I have always been a firm believer that people should be acknowledged for making a difference. Whether it is a direct impact, or something a little less apparent, there are those who have worked to make things around them better than they were. Leaving it better than they found it, these people have changed the world. This will be the first of a periodic series that I would like to present on individuals that have had far more substantial influences on my view of the natural world than they could imagine. In doing so, I hope they will receive a bit of the recognition that they so richly deserve.
When I started working in conservation nearly fifteen years ago, I was just about as green as the fresh shoots on the cat briar vines that grew so prominently in the Carolina Bays in Poinsett Electronic Combat Range. Despite being raised in an extremely rural environment, I had very little knowledge of nature. I was; however, very motivated to make up for the lessons I never learned as a child and began reading every natural history related book and magazine I could get my hands on. Between the covers of one particular magazine, I found the writings of a genius from Camden, SC.
For a number of years during the 1970s, John Madison Culler served as the editor of South Carolina Wildlife Magazine. Each issue began with an article written by Culler that was informative, humorous, and timely. Culler has the heart of an outdoorsman and the soul of a poet. These qualities would shine through in every single article he wrote, whether it was the fictitious tale of a coon hunter or his wonderful interview with Roger Tory Peterson. The fact of the matter is John Culler could write about watching grass grow and make it sound so interesting that I would drop the magazine, go outside and stare at my yard. He used his pen to laud the natural resources of his beloved state, placing the hunting, fishing, and outdoor recreation found in South Carolina on a higher level. That is certainly what he did with, what was at the beginning of his tenure, a small magazine. He made it the finest in the nation among wildlife periodicals, no question about it!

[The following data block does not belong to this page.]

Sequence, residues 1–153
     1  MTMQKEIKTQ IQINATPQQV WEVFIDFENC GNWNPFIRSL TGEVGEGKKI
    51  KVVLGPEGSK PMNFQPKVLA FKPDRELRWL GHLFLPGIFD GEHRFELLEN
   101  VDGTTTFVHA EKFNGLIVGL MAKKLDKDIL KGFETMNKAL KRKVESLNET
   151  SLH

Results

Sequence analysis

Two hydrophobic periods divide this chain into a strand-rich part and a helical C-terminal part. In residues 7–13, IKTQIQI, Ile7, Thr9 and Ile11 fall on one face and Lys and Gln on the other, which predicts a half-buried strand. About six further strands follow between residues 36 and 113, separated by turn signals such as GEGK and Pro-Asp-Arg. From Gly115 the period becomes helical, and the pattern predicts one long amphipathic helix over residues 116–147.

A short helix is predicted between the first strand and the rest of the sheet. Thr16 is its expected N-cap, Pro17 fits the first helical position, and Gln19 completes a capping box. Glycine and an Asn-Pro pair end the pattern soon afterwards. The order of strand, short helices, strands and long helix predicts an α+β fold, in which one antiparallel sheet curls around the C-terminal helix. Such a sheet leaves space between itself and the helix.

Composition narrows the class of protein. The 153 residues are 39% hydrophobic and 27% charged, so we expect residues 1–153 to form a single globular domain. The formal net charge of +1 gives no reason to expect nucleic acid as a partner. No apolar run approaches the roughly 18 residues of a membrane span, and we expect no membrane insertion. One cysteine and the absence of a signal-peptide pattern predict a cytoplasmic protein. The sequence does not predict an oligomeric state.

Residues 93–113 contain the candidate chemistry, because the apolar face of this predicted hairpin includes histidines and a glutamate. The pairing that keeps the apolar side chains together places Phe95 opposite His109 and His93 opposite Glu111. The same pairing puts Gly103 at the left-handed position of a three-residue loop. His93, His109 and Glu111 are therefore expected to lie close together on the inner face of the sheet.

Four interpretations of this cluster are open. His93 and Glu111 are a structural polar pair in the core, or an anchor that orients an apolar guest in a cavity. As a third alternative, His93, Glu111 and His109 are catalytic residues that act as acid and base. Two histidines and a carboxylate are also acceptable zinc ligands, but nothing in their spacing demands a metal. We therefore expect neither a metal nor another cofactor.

One of the most incredible things Culler did with his pen was to write intensely biting editorials about the plight of a swamp just outside of the city of Columbia, SC. This swamp was special. This swamp was sacred. This swamp was home to some of the most interesting animals found in our state and was also home to some of the most gigantic trees ever seen in the eastern United States… trees so large, they were measured and declared World Record Trees. Along with a number of other foresighted people, Culler realized just how special this swamp was and knew it needed to be protected.
While awaiting federal protection for this incredible area of the state, there were those that wanted very badly to get to those gigantic trees with chainsaws and remove them from the landscape forever. John Madison Culler reacted by doing what he does best. He settled behind his typewriter and, in a poignant and frank style, wrote of the urgency and the absolute need to protect what has now become Congaree National Park. It should be no secret to anyone that loves the outdoors and has ever visited Congaree National Park that John Culler deserves as much credit as anyone that there is even a Congaree National Park to visit. For that, I am grateful. For that, we should all be grateful.
When asked about Congaree National Park, I often refer to the feeling of being so small while standing among such giants. I have felt that way each time I have had the opportunity to talk to John Culler. I sat on his front porch one evening many years ago and listened to him speak about his time with Roger Tory Peterson, one of history’s greatest bird experts, as nonchalantly as I would describe picking up steaks from The Fresh Market. I listened to him talk about the infancy of Red-cockaded Woodpecker management in South Carolina and of his safaris in Africa in the exact manner a small child would watch a magician pull a rabbit out of a hat.
Every word he spoke to me was impressive and intimidating. He is, in my opinion, every bit as tall and impressive as the trees he worked to save in Congaree Swamp. In his words and appearance, Culler is, at once, connoisseur of expensive single-malt scotch and friendly neighbor. At least that is they way he appears to me. He is still very high on my list of people I would love to sit down, have a drink with and just converse an evening away.
When I began my career, I would ask those individuals whom I admired to pick their favorite bird in my well-worn field guide and autograph it for me. John Culler was the third signature added to that field guide, when he signed his name next to the Peregrine Falcon on September 30, 2002. There have been many, many more names added to that field guide since that evening, but his signature is still one of my absolute favorites. Odds are, if I shared that drink with him anytime soon, I would simply sit there and hang on his every word… just as I did over a decade ago.